Obviously, multiple factors play into the overall downfall of American education. When some teachers make headlines weekly in this country for sexual involvement with their students (one news site has a running list just of the female sexual predator/teachers who have been criminally charged. It is mind-blowing) it is plain that the breakdown of family and morals has consequences at all levels of society, and education is no exception. When parents refuse to grow up and take responsibility, and when children are taught zero respect for authority, it cannot end well.
Into an otherwise mundane work day, Tom and an organist colleague brought some musical beauty yesterday. I acquired a babysitter and left everything for a noon hour concert at the Cathedral in downtown Milwaukee. Lake Michigan was at its most beautiful, and the music was heart-lifting. Tom played the regal Prelude to the Te Deum by Charpentier.
And the lyrical side to the trumpet and organ was heard in the lovely Bist Du Bei Mir (If You Are With Me.) – J.S. Bach. Thanks, men, for such a wonderful lunch hour.
Very abruptly, the days are getting shorter. It’s 6:50pm and it’s dusk. It was down to 43 degrees two nights ago. Time for the warm pajamas, at least this week. Next week, we may need summer ones, as this time of year you just never know.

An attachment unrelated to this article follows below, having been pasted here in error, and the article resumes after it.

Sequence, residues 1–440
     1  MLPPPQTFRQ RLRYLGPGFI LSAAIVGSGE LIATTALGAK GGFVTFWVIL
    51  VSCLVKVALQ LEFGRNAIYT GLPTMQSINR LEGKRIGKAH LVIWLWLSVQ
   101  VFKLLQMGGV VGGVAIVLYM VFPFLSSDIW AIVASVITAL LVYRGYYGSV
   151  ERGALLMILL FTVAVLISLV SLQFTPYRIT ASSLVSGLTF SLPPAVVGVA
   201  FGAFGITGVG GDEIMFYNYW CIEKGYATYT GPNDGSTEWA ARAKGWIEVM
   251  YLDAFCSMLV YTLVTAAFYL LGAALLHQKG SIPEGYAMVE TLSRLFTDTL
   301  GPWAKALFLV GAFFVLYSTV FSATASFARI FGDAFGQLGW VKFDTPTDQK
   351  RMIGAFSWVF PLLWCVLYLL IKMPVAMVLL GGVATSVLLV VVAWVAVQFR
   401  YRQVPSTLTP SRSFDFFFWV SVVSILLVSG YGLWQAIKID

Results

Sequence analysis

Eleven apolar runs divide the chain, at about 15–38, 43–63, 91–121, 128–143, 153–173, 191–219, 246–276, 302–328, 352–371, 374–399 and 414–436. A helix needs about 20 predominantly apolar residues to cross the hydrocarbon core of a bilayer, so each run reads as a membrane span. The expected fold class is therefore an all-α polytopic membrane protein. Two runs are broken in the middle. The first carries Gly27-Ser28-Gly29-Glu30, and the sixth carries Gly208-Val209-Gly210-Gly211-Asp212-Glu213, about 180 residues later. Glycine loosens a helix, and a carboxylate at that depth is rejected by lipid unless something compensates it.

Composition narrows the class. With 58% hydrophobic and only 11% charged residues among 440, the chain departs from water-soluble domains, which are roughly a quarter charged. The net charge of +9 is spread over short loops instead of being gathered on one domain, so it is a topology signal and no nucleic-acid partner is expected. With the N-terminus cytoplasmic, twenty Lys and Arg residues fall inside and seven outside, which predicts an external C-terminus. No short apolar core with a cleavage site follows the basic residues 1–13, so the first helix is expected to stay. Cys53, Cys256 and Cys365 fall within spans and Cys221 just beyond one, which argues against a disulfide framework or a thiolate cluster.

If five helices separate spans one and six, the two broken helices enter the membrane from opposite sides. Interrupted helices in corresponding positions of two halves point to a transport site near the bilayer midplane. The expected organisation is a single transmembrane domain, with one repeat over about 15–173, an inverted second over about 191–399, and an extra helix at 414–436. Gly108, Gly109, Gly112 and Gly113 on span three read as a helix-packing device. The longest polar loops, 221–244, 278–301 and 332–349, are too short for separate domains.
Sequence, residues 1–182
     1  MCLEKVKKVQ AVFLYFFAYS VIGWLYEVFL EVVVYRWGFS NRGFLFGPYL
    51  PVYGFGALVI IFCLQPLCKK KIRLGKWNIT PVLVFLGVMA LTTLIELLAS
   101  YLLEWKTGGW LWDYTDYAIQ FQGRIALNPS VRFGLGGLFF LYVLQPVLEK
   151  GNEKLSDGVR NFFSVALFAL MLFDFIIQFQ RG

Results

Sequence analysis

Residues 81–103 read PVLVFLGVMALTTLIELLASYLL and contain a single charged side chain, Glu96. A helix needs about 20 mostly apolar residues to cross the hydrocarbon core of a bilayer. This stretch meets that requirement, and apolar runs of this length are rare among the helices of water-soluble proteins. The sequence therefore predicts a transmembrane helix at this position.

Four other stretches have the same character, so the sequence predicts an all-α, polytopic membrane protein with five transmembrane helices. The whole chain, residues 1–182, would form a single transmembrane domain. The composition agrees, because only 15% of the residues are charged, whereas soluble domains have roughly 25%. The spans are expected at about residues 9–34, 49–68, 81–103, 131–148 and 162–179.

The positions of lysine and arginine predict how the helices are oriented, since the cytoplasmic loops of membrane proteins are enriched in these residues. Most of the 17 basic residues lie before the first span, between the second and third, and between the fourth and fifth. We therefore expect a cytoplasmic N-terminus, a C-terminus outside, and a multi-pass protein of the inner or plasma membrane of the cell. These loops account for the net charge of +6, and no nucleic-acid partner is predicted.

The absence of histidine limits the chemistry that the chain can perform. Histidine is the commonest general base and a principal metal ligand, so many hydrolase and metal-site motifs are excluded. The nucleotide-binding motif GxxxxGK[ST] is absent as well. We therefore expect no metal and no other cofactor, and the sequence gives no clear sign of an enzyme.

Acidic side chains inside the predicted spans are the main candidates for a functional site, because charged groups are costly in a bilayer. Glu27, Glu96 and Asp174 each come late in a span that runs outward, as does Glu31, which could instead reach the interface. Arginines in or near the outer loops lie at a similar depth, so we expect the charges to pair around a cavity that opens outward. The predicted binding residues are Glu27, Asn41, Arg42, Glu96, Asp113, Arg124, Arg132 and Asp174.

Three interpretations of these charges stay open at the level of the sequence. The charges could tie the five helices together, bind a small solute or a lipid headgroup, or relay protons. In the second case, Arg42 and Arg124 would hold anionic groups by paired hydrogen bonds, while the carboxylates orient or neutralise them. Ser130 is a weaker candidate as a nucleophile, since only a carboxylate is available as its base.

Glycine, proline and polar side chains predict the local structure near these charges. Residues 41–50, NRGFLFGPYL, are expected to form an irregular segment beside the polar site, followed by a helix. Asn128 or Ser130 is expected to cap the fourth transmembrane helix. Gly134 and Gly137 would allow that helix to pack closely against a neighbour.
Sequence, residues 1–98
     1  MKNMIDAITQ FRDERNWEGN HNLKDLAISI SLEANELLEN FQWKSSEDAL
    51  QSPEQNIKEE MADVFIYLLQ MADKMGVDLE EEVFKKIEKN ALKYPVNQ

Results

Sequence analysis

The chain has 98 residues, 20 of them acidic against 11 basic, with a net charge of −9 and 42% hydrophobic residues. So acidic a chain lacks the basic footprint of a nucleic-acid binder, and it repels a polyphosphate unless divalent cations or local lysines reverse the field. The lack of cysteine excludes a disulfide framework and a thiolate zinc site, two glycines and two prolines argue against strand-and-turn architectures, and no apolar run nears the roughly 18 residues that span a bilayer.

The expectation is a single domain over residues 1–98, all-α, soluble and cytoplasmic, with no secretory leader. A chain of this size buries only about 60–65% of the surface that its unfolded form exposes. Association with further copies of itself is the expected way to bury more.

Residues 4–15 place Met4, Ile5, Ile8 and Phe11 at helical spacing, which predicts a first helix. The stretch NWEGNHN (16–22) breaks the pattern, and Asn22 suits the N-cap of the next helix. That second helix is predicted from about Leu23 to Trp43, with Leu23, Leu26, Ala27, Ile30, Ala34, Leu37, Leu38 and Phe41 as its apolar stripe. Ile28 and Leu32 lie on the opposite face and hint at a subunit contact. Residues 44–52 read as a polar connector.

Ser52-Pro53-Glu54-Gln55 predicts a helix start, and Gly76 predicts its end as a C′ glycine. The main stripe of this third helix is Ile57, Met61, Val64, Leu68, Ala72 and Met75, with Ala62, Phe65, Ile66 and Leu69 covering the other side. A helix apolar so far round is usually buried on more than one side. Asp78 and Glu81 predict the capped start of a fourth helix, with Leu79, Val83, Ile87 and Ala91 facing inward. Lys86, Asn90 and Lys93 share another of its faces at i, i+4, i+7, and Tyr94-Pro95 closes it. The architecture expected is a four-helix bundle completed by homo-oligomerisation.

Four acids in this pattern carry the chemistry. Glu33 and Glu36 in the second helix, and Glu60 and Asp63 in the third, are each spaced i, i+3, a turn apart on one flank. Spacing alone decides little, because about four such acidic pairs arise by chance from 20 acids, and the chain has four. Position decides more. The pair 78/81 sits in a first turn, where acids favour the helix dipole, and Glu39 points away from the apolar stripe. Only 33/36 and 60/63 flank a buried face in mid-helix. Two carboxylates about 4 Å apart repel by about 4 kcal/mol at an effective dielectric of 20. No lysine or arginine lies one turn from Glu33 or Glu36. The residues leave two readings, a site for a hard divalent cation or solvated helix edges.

I pulled my acorn people out of the hutch yesterday. Every year they sit on the piano. They’re my Dollar Store tribute to fall, along with my scarecrow Welcome sign for the front door. I also put my autumn colored runner on the dining room table with a candle that smells like pumpkin pie. Not to rush things, but I do love this time of year. Soon I can write entirely new posts filled with rhapsodic prose on the glories of autumn. “October is my favorite month of them all. Flaming trees, alive with color, the spicy scent of leaves as they crunch under your feet…”
School has started again. Will is a sophomore with plenty of challenging classes to keep him busy. He has also been asked to play the organ to accompany his dad for two separate events, so that is exciting news.